Rwanda: How Effective Are Drones in Rwanda's War On Malaria?

A drone being used to spray crops.

In the face of the current Covid-19 pandemic, the world is still grappling with malaria elimination.

According to the latest World malaria report, released on 30 November 2020, there were 229 million cases of malaria in 2019 compared to 228 million cases in 2018.

The estimated number of malaria deaths stood at 409, 000 in 2019, compared with 411, 000 deaths registered in 2018.

Statistics from Rwanda Biomedical Centre shows that malaria cases reduced from 4.6 million in 2016 to 3.5 million in 2019 while those who contracted severe malaria reduced from 18000 in 2015/2016 to 7000 in 2018/2019.

The number of deaths reduced from 660 in 2015/2016 to 264 in 2018/2019, but this shows how much it remains a threat and shows how much effort is still needed to stamp out this deadly disease.

On Sunday, April 25, as the world celebrates World Malaria Day, health organisations and partners share experiences and reflections on efforts to end malaria.

Rwanda, among other countries, has turned to technology as an effective and innovative way of eradicating malaria.

Early last year, Rwanda introduced the use of drones to fight malaria-carrying mosquitoes. This was done through the partnership between government and Charis Unmanned Aerial Solutions, a local drone technology company.

The initiative was established to complement the already existing strategies to prevent and combat malaria such as indoor residual spraying and use of mosquito nets.

Dr Aimable Mbituyumuremyi, the Division Manager for malaria and other parasitic diseases at Rwanda Biomedical Centre (RBC) said, in collaboration with Charis and Society for Family Health, drones helped in precision mapping of mosquito breeding sites and in spraying the larvicide in Gasabo District.

Preliminary results show a decrease in mosquito density and potentially contributing to malaria cases reduction in targeted areas, he said.

Paul Kamali, Director of Malaria Programme at Charis said spraying using drones has made impact in the fight against malaria.

The pilot phase began in Gasabo District, Jabana sector, with plans of rolling it out to other parts of the country.

Kamali said the pilot project showed tremendous impact; they were able to spray Bacillus thuringiensis subspecies israelensis (Bti)-which is a bacteria found in soil and used as a larvicide that kills premature mosquitoes known as larvae.

The average mosquito larval density was reduced by 89.6%, whereas the average anopheles' mosquito larval density reduced by 92.8%. And there was also drastic decline of malaria incidence in the sprayed areas where malaria was dropped down by 90.6%.

This pilot phase took 8 months from July last year to February 2021.

Kamali highlighted challenges that constrained the project especially in the beginning, where budget was insufficient but this has been resolved, and that they are scaling up this intervention in other districts.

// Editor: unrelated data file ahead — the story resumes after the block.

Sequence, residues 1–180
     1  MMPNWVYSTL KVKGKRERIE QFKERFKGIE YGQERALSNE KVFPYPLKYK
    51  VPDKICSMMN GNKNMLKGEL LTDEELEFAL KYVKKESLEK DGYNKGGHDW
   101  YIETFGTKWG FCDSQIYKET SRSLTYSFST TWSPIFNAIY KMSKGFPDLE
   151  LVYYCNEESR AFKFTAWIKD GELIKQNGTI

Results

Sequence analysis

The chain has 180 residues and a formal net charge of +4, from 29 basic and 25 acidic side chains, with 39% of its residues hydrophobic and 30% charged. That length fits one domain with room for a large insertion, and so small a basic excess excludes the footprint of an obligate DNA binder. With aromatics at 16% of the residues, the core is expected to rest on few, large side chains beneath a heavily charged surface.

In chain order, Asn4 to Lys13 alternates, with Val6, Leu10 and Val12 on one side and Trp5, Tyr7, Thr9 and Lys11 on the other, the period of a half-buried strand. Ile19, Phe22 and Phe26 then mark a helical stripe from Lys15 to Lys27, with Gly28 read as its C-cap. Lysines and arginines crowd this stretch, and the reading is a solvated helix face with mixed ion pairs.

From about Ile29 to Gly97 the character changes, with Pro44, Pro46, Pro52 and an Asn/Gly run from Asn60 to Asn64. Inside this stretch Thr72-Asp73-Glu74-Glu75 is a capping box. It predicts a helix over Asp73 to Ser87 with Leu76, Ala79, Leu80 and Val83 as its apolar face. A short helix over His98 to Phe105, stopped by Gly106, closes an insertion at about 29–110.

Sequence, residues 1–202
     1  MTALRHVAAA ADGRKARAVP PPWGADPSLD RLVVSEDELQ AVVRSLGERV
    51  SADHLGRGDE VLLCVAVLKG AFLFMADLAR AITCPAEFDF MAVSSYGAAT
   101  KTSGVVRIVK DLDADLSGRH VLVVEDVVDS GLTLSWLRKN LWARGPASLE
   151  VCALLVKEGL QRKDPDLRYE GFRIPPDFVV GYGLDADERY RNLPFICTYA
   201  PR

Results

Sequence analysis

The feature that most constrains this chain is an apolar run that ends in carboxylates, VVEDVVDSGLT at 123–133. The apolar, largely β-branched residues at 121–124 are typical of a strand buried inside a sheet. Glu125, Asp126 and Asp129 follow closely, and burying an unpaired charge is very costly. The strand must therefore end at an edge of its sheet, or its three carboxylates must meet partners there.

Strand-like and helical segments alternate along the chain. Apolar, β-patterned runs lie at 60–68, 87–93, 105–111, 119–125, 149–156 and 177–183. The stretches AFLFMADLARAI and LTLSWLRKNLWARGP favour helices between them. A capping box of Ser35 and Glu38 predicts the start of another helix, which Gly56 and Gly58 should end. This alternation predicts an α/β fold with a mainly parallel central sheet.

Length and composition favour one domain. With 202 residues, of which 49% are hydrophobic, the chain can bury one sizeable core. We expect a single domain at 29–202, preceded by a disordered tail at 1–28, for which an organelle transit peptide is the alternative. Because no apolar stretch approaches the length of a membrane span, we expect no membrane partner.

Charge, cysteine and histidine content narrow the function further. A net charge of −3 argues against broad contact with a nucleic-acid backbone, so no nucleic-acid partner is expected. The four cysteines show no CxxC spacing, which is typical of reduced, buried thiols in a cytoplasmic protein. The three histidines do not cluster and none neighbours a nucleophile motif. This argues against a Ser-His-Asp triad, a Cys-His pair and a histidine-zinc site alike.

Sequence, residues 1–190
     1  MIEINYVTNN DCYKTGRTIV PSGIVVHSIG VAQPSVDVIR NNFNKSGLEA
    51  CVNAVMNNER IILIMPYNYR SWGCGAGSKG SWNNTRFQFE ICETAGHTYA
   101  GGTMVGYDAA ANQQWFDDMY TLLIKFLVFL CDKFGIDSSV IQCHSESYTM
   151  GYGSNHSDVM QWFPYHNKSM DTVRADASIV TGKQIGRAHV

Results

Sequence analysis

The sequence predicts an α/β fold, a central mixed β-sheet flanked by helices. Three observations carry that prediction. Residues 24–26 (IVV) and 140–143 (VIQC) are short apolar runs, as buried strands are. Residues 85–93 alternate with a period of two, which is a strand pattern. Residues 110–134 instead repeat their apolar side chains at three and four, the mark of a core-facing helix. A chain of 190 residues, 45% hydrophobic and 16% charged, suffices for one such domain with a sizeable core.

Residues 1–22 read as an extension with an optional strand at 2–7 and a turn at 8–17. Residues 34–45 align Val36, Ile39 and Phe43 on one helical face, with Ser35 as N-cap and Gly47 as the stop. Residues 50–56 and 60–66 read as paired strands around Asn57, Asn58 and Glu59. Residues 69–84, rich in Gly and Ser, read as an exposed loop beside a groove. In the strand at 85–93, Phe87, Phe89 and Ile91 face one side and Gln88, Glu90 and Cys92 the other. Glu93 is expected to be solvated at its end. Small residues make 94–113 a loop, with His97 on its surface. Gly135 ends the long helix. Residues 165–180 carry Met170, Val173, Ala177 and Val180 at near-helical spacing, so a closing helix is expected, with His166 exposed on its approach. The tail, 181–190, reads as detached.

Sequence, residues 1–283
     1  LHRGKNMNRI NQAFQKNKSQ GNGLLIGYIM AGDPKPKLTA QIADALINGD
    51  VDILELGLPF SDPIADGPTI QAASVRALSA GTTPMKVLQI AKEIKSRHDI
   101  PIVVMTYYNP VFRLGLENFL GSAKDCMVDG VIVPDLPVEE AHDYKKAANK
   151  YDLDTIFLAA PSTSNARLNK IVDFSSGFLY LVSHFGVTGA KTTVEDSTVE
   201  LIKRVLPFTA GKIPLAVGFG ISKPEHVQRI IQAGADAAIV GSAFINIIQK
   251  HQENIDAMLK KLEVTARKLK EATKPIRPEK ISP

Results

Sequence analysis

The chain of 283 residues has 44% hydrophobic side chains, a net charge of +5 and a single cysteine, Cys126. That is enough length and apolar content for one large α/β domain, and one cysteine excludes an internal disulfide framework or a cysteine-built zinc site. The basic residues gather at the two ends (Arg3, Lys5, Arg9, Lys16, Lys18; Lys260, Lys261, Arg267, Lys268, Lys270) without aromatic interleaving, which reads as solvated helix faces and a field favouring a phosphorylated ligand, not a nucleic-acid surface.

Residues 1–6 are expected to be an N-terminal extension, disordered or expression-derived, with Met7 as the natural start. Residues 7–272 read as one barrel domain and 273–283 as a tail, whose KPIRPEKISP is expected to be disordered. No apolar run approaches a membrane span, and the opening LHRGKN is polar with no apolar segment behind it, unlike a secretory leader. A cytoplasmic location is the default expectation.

On this note, Mbituyumuremyi added that funds are needed to sustain and increase the coverage of malaria control interventions, multi-sector collaboration and community engagement in malaria response.

Tackling malaria during a global pandemic

More than one year into the global Covid-19 pandemic, substantial disruptions to health services persist across the globe, information from the World Health Organisation indicates.

According to the results of a new WHO survey, approximately one-third of countries around the world reported disruptions in malaria prevention, diagnosis and treatment services during the first quarter of 2021.

In many countries, lockdowns and restrictions on the movement of people and goods have led to delays in the delivery of insecticide-treated mosquito nets or indoor insecticide spraying campaigns.

Malaria diagnosis and treatment services were interrupted as many people were unable - or unwilling - to seek care in health facilities.

WHO is calling on all people living in malaria-affected countries to "beat the fear": people with a fever should go to the nearest health facility to be tested for malaria and receive the care they need, within the context of national COVID-19 protocols.

This year's celebrations

Ahead of World Malaria Day, country leaders, frontline health workers and global partners came together in a virtual forum to share experiences and reflections on efforts to reach the target of zero malaria.

In Rwanda, celebrations started a week ago with training of district staff who will facilitate a new initiative- integrated vector management- as a way of continuing the fight against malaria. The initiative will focus on outdoor spraying in communities.

Mbituyumuremyi said the aim is to impart them with skills such that they are able to train people, community health workers, rice farmers, and mining companies, among others.

The plan is to train 250 people countrywide. Currently, they have so far trained people in Rubavu, Muhanga, Huye and Rwamagana districts.

In addition to this, messages on the prevention and fight against malaria are to be shared on radio stations and television.

"We also hope to make use of drones that will distribute messages on malaria control that will work in Kigali and Bugesera on that day but they will continue the whole week."


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